Let's leave the greater meaning of the Michael Vick plea bargain to everybody else. Clearly, there are enough people out there with strong feelings about Vick vis-à-vis dogfighting, gambling, racism, cruelty, sentencing, image rehabilitation and the long-term implications of just about everything. They can proceed unabated.
AP Photo/Dean Hoffmeyer
It's time to stop making any kind of excuses for Michael Vick's behavior.
The dogfighting subculture is apparently a subsidiary of the Southern subculture, which is itself a subsidiary of American culture.
By strict definition, the defenders and explainers of Vick -- Harry Edwards and Ray Buchanan were two I heard on Monday -- are correct: Three guys who hold up a convenience store are a subculture, the same way three teenagers who play pinochle with their grandparents are a subculture.
A religious cult is a subculture, a drug ring is a subculture, a quilting bee is a subculture.
And then there is a subculture of people who like to train dogs, then like to watch them fight while betting on them, then kill them by hanging or electrocution or drowning afterward. Yes, that subculture exists.
The problem is one of usage. The way I hear it, subculture is used as a justification, as if attaching the word culture -- in whatever form -- somehow imbues this activity with credibility.
In other words: However depraved it might be, you have to somehow respect it because it's cultural.
Nice try, but it doesn't work. Three weeks ago, I raised the issue of whether the NFL and Nike were being duplicitous by attempting to purge the marketplace of anything related to Vick. I felt they had profited from Vick's edgy image, perhaps knowing how unstable that edge really was.
But now that Vick has pleaded guilty and will go to prison for his crimes, the justifications and defenses need to stop. The people who justify and defend on the basis of culture are demeaning themselves in the process. Don't tell me about Leonard Little or Jamal Lewis, and please, please, please don't tell me everybody who eats a T-bone or a piece of barbecued chicken is as guilty as Vick because the meat-processing business in this country is as inhumane as Bad Newz Kennels. Spare us both the specious comparisons and the pieties, and see it for what it is.
And do yourself and us a favor: Don't tell us we don't understand the subculture.
This Week's List
• I ask only with the best intentions, because what's happened this year could have taken the pressure off: Is it coldhearted to ask if maybe Rick Ankiel -- author of one of the best two or three baseball stories of the year -- could throw strikes now?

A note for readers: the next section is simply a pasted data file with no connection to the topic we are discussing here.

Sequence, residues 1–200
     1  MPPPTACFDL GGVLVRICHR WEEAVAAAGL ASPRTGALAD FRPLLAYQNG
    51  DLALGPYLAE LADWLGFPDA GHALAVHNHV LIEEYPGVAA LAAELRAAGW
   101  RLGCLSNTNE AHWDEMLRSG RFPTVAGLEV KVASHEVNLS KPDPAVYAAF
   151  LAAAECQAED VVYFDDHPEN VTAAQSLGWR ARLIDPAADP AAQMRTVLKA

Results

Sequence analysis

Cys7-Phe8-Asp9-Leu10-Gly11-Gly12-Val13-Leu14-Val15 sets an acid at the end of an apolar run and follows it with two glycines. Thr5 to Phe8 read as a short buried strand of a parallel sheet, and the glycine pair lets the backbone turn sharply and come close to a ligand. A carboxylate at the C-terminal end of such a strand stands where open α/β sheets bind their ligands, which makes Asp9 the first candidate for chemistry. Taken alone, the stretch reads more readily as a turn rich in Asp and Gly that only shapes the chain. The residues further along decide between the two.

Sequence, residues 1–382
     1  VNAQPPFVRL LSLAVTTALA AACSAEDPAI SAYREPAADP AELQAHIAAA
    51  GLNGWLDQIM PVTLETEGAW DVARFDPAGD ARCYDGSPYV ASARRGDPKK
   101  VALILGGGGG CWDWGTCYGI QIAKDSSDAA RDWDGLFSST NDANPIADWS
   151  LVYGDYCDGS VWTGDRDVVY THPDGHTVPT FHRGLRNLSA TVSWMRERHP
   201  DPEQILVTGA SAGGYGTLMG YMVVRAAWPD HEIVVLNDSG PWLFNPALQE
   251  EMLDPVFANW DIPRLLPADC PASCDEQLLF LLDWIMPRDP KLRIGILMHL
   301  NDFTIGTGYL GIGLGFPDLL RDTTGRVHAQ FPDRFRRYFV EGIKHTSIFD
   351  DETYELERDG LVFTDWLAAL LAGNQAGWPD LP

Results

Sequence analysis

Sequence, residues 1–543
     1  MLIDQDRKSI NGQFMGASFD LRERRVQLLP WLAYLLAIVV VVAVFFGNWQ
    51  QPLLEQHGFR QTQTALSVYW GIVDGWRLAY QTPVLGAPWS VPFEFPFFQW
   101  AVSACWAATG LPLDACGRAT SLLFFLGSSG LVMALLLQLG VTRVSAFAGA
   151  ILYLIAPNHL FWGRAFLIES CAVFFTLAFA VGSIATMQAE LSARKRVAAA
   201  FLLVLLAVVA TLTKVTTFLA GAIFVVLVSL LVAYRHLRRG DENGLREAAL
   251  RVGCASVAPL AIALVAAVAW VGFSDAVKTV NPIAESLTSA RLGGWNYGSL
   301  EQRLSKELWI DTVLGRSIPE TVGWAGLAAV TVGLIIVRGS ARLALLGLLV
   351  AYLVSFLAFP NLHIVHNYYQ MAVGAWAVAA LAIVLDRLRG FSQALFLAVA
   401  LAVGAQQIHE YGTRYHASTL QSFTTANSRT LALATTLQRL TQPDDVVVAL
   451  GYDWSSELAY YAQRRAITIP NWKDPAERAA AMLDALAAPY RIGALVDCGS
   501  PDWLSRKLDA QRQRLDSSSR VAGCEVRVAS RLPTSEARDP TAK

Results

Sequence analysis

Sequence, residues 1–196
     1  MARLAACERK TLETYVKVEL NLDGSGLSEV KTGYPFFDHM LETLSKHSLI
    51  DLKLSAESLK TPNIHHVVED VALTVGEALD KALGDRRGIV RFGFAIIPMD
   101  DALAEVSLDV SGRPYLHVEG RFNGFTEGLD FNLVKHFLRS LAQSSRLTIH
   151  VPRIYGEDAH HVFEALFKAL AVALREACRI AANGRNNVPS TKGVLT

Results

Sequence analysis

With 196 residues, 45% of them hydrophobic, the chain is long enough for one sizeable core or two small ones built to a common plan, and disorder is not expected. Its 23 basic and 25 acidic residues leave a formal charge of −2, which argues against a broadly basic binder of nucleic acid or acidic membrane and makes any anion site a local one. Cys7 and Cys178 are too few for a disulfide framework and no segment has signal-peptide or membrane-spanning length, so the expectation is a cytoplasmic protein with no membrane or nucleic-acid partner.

• There aren't many sure things in life, but here's one: Tim Wakefield against the Devil Rays.
• You know how you can tell there is no way on earth you could slip anything past the ESPN research crew? Well, here's why: In the daily research notes that arrived in my inbox Monday afternoon, there was the following note on the Pirates: "It was only the eighth time in major league history that a team in sole possession of its league's worst record won consecutive games after trailing by four or more runs in both."
• And you know what? That's why nobody can stump the Schwab.
• Second-best trade acquisition, behind Mark Teixeira: Wilson Betemit, Yankees.
• Well, then mission accomplished: After the Dodgers acquired Shea Hillenbrand and his notoriously offbeat personality, manager Grady Little said, "At this point, we're not looking for a good presence in the clubhouse."
• Just for the heck of it: Steve Renko.
• But they at least knew the rules, which probably helped: Ric Clarson, PGA senior VP for brand marketing, came up with the following comparison for golf's inaugural FedEx Cup: "I wonder if the members of the Green Bay Packers when they won the very first Super Bowl in 1967, which wasn't even called the Super Bowl then, realized their place in history."
• Right, Phil, because if you told the average guy he just earned a $10 million annuity, he'd probably turn up his nose and ask, "Hey, where's that big cardboard check?" Discussing the prize money allotted to the FedEx Cup winner, Phil Mickelson said, "For the last year, I felt it would be really cool if we had this big check or we had cash to pay the winner. Instead, guys won't see it for 20-plus years, so it takes some of the luster out of it."
• And finally, sometimes you travel the country and experience something that makes you shake your head in awe of the benefits of freedom: While driving in the Northwest on Sunday afternoon, idly listening to the Mariners play the White Sox, I was treated to the unexpected pleasure of listening to a man -- professional baseball announcer Rick Rizzs -- talk to a dog.
Tim Keown is a senior writer for ESPN The Magazine. Sound off to Tim here.